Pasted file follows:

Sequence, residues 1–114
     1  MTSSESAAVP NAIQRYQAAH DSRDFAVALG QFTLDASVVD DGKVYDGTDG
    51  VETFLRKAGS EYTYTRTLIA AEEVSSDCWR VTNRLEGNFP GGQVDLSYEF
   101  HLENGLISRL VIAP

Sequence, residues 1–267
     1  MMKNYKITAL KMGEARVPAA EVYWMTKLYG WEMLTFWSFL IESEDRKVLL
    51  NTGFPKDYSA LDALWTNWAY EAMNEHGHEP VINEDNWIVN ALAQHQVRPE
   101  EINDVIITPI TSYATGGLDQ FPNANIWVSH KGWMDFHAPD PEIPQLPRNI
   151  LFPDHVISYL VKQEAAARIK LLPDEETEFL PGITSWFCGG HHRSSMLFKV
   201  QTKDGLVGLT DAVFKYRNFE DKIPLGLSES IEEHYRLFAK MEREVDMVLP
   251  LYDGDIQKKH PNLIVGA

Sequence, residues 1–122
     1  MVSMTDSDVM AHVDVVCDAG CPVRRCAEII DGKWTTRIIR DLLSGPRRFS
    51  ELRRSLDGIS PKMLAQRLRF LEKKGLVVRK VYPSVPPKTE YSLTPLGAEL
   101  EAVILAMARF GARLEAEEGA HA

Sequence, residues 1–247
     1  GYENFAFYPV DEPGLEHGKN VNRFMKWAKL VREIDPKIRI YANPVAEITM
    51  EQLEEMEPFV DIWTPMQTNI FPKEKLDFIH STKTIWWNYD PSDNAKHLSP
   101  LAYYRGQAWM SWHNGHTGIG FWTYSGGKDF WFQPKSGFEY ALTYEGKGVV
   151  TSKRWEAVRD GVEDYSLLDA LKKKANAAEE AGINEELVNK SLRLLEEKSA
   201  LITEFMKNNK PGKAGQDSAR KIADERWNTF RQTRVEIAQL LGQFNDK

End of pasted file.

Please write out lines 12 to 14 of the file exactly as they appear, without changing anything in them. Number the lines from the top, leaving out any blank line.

Sequence, residues 1–122
     1  MVSMTDSDVM AHVDVVCDAG CPVRRCAEII DGKWTTRIIR DLLSGPRRFS
    51  ELRRSLDGIS PKMLAQRLRF LEKKGLVVRK VYPSVPPKTE YSLTPLGAEL